By SHANNON WATKINS
Spring is finally here, which my family in Tidewater has elected to celebrate by merrily decamping to the Outer Banks and I have elected to spend by continuing to work. As you might imagine, this has caused a tad bit of friction.
“The weather here is lovely!” chirped my mother over the phone. “We went shopping and then hit the pool at the beach club! How’s your day been?”
“Well, I worked,” I said. “And later I’m covering a two-hour board meeting.”
“Oh, we’ll be out to dinner by then!” she said gaily. “I think we’re going to that restaurant you love so much for crab cakes. What are you having?”
“Leftovers,” I said through gritted teeth. “Have fun. Oh, and remind me not to get you a Christmas present this year.”
Travel envy aside, I never really get anyone a Christmas present so much as make them from scratch; living on a small budget long ago convinced me of the virtues of baked gifts. One of the perennial favorites I’m asked to produce is a personally reworked version of a lemon cookie recipe I found online a few years ago.
Lemons do make an appearance in traditional British and European Christmas fare, though usually in conjunction with spices like clove and nutmeg and mace that work with citrus but tend to suppress its tropical nature.
The cookies I like to bake, though, are mostly straightforward in their lemony taste, and I always thought despite my family’s demands that they’d be better suited for spring and sunny weather.
These would be good Easter presents in a year where the bunny isn’t in danger of freezing his puffball off, and I can’t imagine anyone’s mom would object to a nicely decorated package of these on Mother’s Day.
Or you could just bake yourself a batch to savor over an otherwise ordinary workweek while your family is frolicking at the beach. I promise I won’t tell.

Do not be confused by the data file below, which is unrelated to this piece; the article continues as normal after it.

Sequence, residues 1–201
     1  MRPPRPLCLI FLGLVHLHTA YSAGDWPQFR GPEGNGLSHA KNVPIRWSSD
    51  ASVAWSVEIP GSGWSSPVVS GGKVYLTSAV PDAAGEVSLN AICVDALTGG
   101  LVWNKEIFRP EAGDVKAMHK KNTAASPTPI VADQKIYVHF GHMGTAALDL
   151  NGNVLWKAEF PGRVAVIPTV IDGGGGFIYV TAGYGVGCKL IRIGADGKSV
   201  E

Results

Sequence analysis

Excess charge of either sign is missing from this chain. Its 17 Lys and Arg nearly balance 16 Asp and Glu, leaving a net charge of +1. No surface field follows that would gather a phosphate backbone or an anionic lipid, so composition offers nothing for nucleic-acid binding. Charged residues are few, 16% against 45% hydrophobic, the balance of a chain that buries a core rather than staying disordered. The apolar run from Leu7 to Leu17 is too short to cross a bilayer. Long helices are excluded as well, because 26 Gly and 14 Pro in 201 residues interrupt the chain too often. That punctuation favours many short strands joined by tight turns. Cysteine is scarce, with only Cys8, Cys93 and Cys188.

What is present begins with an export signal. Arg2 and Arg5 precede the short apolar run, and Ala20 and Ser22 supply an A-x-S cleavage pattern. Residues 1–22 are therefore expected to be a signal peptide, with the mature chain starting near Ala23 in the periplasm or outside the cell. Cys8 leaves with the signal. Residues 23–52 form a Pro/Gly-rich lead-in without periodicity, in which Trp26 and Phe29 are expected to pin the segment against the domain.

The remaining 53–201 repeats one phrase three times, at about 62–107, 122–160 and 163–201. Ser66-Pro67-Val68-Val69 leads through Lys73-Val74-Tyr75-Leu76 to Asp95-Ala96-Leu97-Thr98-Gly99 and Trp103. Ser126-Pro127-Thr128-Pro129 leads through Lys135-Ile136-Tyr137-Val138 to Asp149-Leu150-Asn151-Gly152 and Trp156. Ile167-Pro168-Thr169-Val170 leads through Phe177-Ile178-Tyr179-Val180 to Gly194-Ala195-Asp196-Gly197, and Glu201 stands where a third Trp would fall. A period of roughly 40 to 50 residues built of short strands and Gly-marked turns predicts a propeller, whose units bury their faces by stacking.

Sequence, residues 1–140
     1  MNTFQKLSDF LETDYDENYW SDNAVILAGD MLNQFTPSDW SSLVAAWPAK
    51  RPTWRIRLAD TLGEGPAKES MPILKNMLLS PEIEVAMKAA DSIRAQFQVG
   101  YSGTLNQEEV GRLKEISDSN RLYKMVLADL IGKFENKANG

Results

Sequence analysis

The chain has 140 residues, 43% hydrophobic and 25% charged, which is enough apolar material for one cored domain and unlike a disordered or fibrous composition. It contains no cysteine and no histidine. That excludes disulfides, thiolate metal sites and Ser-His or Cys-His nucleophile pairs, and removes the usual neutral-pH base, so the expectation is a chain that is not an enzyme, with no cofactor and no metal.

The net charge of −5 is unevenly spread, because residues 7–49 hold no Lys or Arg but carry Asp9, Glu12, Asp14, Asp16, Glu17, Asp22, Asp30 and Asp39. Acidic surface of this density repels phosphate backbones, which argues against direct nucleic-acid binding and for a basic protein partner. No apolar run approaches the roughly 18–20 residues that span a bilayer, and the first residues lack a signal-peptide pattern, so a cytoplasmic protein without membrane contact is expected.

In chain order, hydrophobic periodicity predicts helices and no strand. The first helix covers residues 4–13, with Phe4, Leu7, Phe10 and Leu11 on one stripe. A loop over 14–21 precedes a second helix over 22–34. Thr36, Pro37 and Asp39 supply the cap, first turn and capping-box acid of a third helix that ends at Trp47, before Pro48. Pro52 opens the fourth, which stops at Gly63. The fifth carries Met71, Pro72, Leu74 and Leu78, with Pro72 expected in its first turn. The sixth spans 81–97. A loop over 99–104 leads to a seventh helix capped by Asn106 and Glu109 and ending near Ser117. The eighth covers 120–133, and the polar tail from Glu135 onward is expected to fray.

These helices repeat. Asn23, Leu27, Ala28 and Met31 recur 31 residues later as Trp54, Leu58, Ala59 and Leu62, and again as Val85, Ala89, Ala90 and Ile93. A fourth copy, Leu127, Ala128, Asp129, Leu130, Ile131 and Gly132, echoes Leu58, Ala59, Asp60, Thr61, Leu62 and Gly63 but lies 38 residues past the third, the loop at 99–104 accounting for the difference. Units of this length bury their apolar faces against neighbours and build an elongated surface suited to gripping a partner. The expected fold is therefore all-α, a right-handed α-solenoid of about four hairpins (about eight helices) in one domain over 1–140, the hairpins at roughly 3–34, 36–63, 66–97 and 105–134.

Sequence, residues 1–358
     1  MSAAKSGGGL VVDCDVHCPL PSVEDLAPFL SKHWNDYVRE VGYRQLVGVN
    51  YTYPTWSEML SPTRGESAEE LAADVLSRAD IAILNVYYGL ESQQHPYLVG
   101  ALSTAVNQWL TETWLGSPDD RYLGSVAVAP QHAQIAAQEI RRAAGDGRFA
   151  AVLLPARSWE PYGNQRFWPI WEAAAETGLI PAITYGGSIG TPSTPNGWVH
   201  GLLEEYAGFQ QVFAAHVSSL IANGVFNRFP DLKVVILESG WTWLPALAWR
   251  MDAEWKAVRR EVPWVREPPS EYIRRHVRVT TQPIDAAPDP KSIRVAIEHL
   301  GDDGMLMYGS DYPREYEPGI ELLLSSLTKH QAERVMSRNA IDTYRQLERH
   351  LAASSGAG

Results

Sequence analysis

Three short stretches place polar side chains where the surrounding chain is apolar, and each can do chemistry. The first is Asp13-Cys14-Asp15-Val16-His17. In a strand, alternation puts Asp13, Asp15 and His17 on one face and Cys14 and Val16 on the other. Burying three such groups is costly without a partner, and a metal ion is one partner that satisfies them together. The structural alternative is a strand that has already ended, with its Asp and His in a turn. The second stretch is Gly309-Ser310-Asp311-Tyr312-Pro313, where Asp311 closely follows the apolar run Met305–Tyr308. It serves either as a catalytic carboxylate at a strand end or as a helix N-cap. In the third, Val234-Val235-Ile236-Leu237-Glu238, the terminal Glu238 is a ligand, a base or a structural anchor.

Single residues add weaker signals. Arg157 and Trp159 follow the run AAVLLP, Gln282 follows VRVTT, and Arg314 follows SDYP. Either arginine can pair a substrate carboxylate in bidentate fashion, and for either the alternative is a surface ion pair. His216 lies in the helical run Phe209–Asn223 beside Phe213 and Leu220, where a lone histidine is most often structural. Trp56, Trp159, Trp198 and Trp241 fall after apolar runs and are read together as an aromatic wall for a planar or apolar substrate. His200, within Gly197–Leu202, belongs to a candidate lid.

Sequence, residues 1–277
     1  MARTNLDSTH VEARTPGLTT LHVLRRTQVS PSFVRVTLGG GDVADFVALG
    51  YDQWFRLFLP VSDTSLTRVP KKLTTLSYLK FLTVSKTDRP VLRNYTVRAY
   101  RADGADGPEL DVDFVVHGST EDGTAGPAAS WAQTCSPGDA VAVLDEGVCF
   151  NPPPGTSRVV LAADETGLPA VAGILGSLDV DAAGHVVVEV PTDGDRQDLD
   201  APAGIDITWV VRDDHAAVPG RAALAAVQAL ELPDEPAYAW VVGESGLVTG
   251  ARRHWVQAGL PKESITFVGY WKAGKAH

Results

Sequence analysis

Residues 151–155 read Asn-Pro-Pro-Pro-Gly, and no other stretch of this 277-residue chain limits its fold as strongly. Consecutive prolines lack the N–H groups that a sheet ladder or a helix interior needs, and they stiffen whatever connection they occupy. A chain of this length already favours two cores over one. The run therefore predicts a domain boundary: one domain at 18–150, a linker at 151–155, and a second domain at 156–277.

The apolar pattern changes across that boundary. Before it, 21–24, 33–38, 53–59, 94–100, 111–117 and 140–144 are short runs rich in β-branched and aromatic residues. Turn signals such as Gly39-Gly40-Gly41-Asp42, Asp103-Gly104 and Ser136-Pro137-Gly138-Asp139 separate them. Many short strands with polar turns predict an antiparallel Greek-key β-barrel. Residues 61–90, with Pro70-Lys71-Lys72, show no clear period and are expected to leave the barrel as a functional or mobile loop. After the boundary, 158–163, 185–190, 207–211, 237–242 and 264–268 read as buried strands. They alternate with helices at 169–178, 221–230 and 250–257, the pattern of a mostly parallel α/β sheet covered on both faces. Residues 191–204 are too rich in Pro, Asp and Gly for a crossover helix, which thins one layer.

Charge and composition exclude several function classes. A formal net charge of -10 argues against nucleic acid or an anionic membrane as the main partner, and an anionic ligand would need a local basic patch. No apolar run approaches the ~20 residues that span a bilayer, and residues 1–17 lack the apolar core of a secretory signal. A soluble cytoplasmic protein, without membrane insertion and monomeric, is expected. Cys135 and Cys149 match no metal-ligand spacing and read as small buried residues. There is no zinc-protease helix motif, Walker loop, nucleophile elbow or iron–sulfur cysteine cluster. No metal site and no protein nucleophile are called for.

Lemon Almond Crisps
½ cup butter, softened to room temperature
¾ cup sugar
1 Tbsp lemon zest
1 ½ tsp fresh lemon juice
¾ tsp almond extract
½ tsp baking powder
¼ tsp baking soda
1 ¼ cups all purpose flour
½ cup sliced almonds (optional)
Preheat oven to 350F and line however many cookie sheets you want to use with parchment paper. (Side note: parchment paper is the best thing that can happen to your drop cookies. It’s a little pricey but fairly easy to find and will help them bake evenly and slide off the pan with minimal fuss.) If you don’t have any, just leave the sheets ungreased.
Beat butter and sugar in a large bowl with an electric mixer on high speed until fluffy. Beat in everything else but flour and almonds until well mixed. On low speed, beat in flour until just blended.
Drop by rounded teaspoons about 2 inches apart on cookie sheets. (Yet another side note: a cookie dough scoop, which looks like an ice cream scoop with an inferiority complex, is another tool you don’t absolutely need but will come to love if you make a lot of cookies. Instead of having to scrape cookie dough off an iced teaspoon with a table knife, you scoop, position, and drop the dough onto your pan one-handed.) Top with an almond slice or two if you’re using them.
Bake 10 to 12 minutes or until edges are lightly browned. I recommend rotating the pans front to back and top to bottom about halfway through. Let them cool for a minute and then transfer them to a wire rack or a plate until cooled completely.
It’s possible that the almonds will have migrated from the center of the dough to the edges of the finished cookies, which makes them look slightly like mutated eyeballs. This used to drive me crazy until I realized nobody especially cared as long as they taste good. Generally speaking, they do. You can relax and bite into one yourself and for a minute taste something bright, like sunshine on a beach, far away where your loved ones are. Too bad they don’t have any cookies there.